Valentine’s Day Field Trip!

This field trip had nothing to do with Valentine’s Day, other than I wanted to go, and Bob came with me. He’s a real trooper and a keeper. ❤ Are you ready for a treat? We went to Ohio Valley Natural Fibers!

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I have a Coopworth fleece I bought at Great Lakes Fiber Show many years ago. It is still dirty, stewing in its lanolin in a box.

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I think it’s pretty, though.

I did hand wash, card, spin, dye, and knit a small amount of it (just to say I did it). I kind of lost interest after that. It’s a big job! A job for professionals. So we took a little day trip about two hours south to Sardinia, Ohio.

The rooms were filled with gorgeous old equipment. It was like a step back in time.

The picker is from the 1880s, and the carding machines are from around 1916. The belts are made from buffalo hide! When they need parts, they ask the local Amish to make them, because everything on these machines is irreplaceable. I know they look like antiques, and they are, but Richard, the gentleman who gave us the tour, fired one up for us!

Here is the web, which is divided into what looks like yarn, but is actually tiny rovings, which are then plied.

This yarn is 3ply, as you can see if you look carefully. The machine is from post WWII, and was also used for plying parachute cord for the Vietnam War.

After plying, it can be wound onto cones. This machine is from the 1960s.

The yarn can also be put up into hanks. They don’t have a date on this machine, but Richard thinks it may be from the 18th century!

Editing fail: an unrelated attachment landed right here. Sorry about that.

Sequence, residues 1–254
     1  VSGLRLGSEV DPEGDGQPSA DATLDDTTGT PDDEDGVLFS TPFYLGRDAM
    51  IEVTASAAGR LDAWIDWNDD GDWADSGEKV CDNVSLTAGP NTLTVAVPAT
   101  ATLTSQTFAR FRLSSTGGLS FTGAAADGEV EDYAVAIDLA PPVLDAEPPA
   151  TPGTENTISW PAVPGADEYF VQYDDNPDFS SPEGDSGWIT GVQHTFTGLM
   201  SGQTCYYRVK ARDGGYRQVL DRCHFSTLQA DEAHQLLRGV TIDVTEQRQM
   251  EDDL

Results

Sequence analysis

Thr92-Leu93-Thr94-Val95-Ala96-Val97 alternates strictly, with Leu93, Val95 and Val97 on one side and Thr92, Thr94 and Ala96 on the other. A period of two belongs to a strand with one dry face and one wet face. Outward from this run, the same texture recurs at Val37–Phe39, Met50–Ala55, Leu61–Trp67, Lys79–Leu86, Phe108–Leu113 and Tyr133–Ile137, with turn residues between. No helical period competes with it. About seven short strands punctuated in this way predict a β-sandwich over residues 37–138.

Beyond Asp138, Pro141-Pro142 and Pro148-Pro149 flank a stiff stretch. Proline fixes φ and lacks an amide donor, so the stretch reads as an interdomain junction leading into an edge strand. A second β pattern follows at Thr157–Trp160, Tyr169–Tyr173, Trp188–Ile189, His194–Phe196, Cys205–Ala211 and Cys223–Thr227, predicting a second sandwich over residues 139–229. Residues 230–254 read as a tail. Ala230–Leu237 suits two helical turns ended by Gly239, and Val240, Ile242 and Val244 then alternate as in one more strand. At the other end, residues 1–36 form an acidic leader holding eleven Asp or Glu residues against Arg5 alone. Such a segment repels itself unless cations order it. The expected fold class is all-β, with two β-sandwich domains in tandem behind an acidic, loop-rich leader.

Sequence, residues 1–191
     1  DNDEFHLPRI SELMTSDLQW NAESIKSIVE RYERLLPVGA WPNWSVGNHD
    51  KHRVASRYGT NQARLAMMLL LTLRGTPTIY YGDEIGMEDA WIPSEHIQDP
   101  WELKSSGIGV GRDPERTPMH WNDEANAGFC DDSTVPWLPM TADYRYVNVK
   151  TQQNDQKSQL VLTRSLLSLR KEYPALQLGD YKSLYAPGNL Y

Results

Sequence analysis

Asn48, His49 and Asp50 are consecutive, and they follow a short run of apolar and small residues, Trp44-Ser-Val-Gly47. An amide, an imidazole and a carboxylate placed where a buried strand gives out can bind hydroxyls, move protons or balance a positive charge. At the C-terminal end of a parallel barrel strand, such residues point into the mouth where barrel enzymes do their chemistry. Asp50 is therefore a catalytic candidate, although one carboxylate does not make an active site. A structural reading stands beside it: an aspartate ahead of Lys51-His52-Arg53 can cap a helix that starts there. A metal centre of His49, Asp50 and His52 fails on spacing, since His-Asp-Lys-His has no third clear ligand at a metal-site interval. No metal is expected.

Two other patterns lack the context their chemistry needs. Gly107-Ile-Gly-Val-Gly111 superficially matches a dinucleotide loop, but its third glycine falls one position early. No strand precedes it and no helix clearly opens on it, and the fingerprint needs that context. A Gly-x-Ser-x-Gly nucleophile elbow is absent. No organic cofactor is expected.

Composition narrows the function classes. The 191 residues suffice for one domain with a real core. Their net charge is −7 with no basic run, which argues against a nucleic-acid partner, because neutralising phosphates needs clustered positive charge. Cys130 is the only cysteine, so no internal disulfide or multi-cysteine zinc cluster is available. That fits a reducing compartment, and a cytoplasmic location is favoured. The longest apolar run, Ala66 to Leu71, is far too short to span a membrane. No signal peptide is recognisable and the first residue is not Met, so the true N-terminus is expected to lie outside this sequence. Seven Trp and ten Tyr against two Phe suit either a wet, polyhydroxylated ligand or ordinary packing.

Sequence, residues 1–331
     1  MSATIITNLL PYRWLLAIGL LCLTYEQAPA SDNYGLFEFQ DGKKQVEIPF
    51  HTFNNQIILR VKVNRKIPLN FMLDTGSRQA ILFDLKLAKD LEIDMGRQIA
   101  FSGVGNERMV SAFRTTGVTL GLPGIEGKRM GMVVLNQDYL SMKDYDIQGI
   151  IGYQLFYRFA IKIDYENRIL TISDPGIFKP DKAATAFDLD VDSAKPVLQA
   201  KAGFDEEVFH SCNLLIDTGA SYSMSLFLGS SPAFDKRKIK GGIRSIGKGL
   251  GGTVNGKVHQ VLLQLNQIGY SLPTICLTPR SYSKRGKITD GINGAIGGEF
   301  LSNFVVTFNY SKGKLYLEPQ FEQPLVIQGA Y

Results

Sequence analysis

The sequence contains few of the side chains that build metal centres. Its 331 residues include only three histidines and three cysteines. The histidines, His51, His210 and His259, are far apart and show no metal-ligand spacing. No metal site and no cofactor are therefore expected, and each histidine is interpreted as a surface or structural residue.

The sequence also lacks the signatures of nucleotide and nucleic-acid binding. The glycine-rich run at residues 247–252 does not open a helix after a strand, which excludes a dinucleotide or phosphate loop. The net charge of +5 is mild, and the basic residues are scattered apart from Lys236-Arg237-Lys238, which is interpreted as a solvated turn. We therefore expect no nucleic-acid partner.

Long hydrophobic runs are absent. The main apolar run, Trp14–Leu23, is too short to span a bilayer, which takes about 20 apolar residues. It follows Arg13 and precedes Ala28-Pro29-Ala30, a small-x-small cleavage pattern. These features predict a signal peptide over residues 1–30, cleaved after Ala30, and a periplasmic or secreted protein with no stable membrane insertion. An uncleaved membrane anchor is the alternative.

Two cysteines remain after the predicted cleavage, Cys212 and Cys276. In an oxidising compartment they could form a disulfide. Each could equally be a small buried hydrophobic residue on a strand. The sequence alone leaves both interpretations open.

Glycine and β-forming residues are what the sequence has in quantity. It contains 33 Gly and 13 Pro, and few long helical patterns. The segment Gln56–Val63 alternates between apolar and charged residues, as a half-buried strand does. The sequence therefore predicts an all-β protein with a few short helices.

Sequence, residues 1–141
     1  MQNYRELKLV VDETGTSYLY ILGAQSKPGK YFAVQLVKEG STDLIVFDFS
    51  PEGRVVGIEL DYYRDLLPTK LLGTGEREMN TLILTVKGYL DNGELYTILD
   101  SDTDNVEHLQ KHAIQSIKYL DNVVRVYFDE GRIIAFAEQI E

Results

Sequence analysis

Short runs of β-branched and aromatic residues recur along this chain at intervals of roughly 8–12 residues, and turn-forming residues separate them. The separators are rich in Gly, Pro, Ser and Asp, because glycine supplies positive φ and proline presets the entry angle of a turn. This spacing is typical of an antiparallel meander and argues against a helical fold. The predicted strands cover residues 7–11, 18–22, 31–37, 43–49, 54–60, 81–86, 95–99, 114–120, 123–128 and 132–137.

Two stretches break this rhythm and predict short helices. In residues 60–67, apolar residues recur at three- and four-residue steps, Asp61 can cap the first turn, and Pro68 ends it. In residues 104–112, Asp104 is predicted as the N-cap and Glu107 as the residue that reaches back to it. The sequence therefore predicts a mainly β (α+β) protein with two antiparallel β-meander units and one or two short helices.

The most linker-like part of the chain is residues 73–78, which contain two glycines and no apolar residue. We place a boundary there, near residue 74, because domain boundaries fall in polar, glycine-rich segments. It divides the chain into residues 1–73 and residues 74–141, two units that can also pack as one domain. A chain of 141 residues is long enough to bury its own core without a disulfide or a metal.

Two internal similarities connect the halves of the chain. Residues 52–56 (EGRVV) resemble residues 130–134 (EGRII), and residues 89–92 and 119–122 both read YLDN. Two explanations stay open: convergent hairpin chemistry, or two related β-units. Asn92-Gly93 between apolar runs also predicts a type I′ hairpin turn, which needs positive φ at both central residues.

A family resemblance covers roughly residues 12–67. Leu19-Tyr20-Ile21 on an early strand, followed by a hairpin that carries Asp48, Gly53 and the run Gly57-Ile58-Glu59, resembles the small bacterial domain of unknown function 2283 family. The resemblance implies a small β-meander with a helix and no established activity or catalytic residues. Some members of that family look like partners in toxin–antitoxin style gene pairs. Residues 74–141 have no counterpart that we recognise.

Here he is telling us how it works.

So we left my fleece and in 8-12 weeks I will have some nice clean batts ready to spin! I don’t have enough fiber for a yarn order. And, unfortunately, I sold my spinning wheel during the great studio purge. I am thinking about getting a new drop spindle. I was never very good at it, and it might be time to pick it up again. (Honestly, I was never very good at the spinning wheel, either, but I did make some beautiful thick and thin yarn.)

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Here is Diane, the owner and a local sheep farmer, with two hanks of yarn from her own Icelandic sheep. I bought these two, and they might be perfect to make the new West Highland Way design! Talk about synchronicity! I will swatch it and see how it knits up. Now I wish I had bought another hank, but I could order it and ask them to pop it in the mail to me.

We had such a wonderful time, and want to thank Richard, Diane, Sean, and Renicia for showing us around and starting up machines for us. I particularly enjoyed Sean showing us all the different kinds of fiber people asked them to process, like husky, cat, and elk!

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After the tour, Bob and I had a nice lunch at La Cascada and a little hike at Rocky Fork State Park, which was beautiful.

I hope you have a nice Valentine’s Day, if you celebrate! If not, Happy Wednesday!

Art is a Bitch